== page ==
Runamuk with CSA

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After much deliberation, I’ve decided to go ahead with my plans for Runamuk Acres. No–no chickens yet, but I am starting up a CSA program to provide fresh produce to the people of the Anson/Madison area.

I have such a hard time buying produce at the grocery store now that I know so much about how that produce is grown and how it gets to us, even food that is certified organic is not all it’s cracked up to be (but that is a different post!).  And it’s difficult for me to get to farmer’s markets.

And I know there must be others in the same situation–and many folks don’t even have the privilege of keeping a garden of their own part of the year!

Starting a CSA allows me to tailor my business to suit the unique needs of the people who live in the areas around our farm.  I believe that many people want to be eating food that is fresh, and safe.  I believe that most people would rather support a local business before spending their money at a big out-of-state chain store.  But because of economics many folks just can’t afford to buy organic.  And some folks who would go local and organic, are intimidated by the farmer’s markets–not all markets are created equal!

It is my hope to make it easier for people to get fresh, sustainably grown produce close to home, from a source they can get to know and trust.

So I’ve put together a business plan, which is more of an organizational tool than something that will be put in front of banker–I don’t intend to go into debt with this venture; it’ll start small, and grow as the demand warrants growth.  And hopefully there is demand!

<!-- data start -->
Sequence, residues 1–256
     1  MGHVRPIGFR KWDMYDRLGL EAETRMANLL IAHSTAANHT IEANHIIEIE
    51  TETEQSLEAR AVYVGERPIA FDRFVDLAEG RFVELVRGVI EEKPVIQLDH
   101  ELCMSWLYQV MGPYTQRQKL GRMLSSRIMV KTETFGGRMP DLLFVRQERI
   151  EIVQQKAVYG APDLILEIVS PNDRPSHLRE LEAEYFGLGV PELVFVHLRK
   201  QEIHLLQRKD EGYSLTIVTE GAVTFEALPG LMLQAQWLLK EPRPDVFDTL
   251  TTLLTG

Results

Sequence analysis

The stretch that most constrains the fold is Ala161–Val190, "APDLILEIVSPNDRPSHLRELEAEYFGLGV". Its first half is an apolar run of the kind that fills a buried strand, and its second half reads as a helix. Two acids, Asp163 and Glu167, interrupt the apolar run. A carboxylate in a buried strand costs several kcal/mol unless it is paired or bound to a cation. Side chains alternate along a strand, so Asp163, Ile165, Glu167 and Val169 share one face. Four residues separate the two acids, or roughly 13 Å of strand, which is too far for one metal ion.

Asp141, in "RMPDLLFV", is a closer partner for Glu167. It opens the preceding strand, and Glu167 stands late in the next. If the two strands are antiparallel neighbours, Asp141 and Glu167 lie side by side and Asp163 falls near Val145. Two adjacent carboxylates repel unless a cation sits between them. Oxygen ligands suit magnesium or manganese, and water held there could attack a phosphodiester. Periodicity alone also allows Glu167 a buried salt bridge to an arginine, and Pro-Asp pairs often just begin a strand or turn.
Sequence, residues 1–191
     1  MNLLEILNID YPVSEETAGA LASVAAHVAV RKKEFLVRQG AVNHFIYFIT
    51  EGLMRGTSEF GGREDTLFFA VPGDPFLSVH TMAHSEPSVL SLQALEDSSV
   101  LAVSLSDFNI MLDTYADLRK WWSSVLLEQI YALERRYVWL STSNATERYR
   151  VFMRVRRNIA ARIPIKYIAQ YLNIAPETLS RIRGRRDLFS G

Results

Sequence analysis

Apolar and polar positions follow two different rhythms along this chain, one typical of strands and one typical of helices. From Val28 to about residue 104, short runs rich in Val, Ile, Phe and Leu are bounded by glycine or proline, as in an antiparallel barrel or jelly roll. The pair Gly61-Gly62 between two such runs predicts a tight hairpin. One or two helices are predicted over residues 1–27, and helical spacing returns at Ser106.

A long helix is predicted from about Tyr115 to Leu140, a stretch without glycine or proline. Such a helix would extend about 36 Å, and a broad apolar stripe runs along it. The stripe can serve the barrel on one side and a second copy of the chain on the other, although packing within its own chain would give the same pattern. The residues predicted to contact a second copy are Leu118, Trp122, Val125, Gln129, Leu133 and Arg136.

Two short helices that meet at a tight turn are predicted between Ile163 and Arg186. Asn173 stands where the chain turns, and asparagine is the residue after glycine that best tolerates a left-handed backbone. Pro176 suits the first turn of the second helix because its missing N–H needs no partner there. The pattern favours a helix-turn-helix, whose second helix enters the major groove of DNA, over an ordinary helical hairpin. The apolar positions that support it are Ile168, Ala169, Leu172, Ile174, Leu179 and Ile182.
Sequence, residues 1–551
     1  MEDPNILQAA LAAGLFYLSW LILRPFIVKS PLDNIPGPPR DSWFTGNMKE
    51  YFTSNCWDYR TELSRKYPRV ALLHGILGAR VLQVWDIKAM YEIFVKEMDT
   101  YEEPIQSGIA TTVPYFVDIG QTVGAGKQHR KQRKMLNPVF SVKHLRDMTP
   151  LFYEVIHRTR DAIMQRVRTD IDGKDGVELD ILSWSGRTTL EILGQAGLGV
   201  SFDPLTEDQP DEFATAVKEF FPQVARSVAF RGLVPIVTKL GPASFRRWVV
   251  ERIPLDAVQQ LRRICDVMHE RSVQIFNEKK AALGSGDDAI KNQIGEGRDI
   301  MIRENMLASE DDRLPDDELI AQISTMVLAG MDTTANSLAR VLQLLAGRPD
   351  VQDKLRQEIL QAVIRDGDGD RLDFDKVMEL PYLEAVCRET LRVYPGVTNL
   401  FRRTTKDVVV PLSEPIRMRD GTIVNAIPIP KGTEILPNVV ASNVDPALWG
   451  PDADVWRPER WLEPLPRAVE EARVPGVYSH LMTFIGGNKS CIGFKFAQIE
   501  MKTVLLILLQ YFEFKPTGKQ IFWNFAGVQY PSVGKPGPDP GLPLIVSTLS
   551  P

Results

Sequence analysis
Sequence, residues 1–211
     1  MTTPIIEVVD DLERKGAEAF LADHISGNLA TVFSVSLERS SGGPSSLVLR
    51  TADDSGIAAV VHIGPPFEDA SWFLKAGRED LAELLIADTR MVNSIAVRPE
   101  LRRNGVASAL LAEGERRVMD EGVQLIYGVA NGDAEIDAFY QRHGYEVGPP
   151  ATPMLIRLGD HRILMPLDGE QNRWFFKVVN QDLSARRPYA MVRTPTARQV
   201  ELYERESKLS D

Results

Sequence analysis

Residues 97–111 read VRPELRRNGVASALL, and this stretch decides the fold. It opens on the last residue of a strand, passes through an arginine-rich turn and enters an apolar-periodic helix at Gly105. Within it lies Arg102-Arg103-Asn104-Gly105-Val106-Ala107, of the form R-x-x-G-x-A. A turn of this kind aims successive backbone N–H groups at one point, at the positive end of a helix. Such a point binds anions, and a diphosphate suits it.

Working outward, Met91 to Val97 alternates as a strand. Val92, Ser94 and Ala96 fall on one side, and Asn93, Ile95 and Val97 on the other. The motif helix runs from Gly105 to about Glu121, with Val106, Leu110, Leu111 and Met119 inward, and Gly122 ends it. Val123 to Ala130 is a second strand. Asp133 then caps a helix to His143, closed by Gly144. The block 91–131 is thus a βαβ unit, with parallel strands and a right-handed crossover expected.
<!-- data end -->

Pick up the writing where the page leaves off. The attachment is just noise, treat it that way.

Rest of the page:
heirloom tomatoesI’ve decided that all of our produce from here on out, will be exclusively from heirloom stock.  That doesn’t mean we won’t have the traditional varieties of green beans and broccoli, or tomatoes you know and can use–it just means that all of the seed we use will be non-hybridized, non-GMO, and non-treated.

In a trial garden–I will grow crops on an experimental basis; things like new varieties of old favorites, and also crops that don’t typically perform well in Maine’s climate–like melons.

And the apiary is getting expanded this year too.  The goal is six hives this year.

I’m just itching to get growing!  And I can’t wait to call myself a farmer–maybe even your farmer?

About Samantha Burns

Sam(antha) Burns is a farmer and beekeeper at the Runamuk Acres Conservation Farm in Maine. She has spent more than 20 years gardening and writing, has kept bees for more than a decade, and worked 4 years in the Call Center at Johnny’s Selected Seeds. Sam uses methods of regenerative agriculture and bee-friendly farming on her 53-acre farm, and is a passionate advocate for wildlife conservation─especially pollinators. In her spare time she enjoys writing, and tormenting her 2 teenaged sons with her banjo-playing!

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